ASIA - The variety of economies at different stages of development in the ASEAN bloc offers a compelling opportunity for institutional investors, Baring Asset Management believes.
Barings said South East Asia, known as the Association of South East Asian Nations (ASEAN) region, is increasingly benefitting from the rise of China and India, with trade between ASEAN and China now as large as that between US and Europe.
SooHai Lim, manager of the Baring ASEAN Frontiers Fund, also believes the region's demographic profile means it a remains a compelling prospect despite strong returns over the last two years. Since launching in 2008, the fund has returned 34.9% over one year compared with the MSCI South East Asia Index's 30.2%.
"We expect the region to deliver good earnings growth this year and do not believe current valuations are demanding," Lim said. "In addition, the region includes frontier economies and markets like Vietnam and Laos, which are in the early stages of economic development, with low correlation to the global economic cycle, thereby providing good risk diversification for investors."
"While China remains a competitor for foreign direct investment, the Asian giant is now looking at investing in high speed rail projects linking southern China to Laos and Thailand, potentially extending the network all the way down to Singapore. India too with its hungry demand for thermal coal to fuel its power plants build-out, has also started investing in resource rich Indonesia."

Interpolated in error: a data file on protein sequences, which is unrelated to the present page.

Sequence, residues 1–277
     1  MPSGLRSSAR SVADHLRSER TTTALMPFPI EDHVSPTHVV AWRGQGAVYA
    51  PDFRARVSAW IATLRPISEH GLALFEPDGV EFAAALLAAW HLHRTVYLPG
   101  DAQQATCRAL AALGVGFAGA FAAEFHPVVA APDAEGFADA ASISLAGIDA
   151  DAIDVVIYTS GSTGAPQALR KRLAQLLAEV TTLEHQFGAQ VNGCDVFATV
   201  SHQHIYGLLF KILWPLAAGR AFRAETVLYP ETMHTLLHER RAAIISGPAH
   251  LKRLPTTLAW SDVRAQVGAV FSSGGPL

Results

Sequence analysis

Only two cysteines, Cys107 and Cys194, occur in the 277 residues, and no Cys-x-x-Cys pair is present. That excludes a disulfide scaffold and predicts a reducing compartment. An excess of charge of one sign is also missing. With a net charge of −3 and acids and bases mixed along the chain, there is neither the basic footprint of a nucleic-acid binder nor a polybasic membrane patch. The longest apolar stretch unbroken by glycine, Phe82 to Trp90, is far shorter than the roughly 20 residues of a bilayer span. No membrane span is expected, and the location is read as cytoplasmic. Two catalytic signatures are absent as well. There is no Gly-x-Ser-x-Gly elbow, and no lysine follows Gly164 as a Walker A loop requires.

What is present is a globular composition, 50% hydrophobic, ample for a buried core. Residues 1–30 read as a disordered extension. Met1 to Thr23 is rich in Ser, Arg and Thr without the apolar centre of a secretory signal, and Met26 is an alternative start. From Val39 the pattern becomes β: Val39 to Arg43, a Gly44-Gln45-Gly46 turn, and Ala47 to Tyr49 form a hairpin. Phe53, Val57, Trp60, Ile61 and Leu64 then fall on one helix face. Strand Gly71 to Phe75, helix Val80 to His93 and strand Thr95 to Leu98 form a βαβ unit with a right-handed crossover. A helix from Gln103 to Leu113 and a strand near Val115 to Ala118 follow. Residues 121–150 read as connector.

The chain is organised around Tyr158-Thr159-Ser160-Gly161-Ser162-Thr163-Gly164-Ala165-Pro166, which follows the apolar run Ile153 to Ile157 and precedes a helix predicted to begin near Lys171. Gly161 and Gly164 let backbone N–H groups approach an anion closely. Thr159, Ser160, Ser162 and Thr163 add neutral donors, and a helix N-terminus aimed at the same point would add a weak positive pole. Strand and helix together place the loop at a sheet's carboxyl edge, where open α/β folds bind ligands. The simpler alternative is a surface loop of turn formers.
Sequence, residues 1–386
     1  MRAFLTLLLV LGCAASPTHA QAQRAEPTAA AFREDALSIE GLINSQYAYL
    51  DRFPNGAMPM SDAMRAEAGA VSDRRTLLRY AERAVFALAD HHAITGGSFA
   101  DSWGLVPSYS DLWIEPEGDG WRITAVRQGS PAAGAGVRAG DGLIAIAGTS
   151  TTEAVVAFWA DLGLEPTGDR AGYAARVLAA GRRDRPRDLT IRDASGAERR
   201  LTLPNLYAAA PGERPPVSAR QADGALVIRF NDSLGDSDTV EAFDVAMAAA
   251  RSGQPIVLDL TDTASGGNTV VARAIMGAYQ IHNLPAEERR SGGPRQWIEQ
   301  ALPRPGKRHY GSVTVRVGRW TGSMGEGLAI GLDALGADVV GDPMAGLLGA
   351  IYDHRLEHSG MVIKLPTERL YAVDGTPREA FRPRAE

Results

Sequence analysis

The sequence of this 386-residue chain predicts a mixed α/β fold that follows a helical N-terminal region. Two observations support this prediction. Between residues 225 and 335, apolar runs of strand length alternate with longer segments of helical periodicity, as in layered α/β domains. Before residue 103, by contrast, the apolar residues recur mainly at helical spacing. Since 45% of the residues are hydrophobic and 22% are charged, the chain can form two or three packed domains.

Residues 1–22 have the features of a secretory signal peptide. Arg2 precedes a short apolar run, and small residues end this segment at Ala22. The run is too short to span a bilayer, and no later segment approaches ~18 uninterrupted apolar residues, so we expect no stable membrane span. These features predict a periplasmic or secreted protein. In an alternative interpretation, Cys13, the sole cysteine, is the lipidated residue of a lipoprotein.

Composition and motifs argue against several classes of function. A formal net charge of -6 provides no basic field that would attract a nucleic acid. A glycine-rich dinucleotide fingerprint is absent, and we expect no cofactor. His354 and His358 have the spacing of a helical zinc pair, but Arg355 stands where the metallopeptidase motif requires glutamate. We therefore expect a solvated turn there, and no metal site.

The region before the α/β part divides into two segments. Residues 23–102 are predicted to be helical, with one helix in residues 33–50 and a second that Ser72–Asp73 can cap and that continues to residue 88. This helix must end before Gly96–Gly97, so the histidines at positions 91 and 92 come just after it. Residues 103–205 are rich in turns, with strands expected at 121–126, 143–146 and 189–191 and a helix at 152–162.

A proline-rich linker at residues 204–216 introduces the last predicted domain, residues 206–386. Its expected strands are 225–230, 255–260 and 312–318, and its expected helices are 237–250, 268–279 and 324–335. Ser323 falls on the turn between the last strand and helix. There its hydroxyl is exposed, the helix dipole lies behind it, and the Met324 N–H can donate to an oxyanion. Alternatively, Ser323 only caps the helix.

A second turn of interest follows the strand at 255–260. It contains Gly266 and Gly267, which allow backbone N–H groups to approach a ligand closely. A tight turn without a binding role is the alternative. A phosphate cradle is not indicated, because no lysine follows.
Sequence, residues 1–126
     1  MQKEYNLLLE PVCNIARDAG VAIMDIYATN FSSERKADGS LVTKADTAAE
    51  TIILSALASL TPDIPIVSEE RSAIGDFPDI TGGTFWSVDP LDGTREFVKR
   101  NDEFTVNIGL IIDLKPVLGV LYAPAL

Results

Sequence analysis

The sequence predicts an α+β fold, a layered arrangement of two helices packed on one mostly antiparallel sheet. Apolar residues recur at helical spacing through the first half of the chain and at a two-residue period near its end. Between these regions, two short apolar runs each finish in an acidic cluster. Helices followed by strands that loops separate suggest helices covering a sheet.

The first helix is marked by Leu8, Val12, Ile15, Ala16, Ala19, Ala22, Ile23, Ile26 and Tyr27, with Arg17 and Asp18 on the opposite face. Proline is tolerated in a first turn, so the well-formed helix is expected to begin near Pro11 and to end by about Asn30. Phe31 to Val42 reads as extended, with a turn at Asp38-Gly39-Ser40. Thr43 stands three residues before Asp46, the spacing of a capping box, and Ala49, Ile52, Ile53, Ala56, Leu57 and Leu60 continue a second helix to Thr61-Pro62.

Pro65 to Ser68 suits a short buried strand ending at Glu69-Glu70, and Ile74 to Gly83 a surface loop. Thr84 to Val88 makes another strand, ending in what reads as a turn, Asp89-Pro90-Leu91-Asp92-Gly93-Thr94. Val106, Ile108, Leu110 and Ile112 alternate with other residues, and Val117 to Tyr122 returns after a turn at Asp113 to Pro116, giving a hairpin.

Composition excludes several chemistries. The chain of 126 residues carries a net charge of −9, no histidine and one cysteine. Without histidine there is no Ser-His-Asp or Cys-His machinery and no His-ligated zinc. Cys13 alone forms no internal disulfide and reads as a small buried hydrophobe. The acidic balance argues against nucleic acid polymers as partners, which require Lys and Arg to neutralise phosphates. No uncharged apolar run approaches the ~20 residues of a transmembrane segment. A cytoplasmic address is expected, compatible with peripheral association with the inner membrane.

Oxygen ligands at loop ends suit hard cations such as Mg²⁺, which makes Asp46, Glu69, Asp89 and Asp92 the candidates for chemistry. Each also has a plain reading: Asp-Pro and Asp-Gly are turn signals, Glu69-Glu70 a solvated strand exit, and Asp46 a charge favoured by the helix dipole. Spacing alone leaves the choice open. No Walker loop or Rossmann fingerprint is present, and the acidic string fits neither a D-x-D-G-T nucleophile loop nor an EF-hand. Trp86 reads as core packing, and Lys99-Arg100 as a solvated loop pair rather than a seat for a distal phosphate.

At a country level, Barings sees good value in Thailand, Indonesia and the Philippines. Thematically, Barings also expects continued investment into infrastructure projects across the region and favours those companies that are set to benefit from this, typically in the industrial and materials sectors.
A number of related industries will likely benefit from this trend and there is potential for a strong long term growth story in low cost air carriers and integrated resorts operators. Both soft and hard commodities are a theme within the fund as countries such as Indonesia, Malaysia and Thailand are amongst the leading exporters of foodstuffs such as palm oil and rice.
Rising food prices are expected to lead to higher farm incomes, further benefiting domestic consumption. Given rising real incomes and a burgeoning middle class, Barings anticipate a marked increase in domestic consumption across a number of regional economies.
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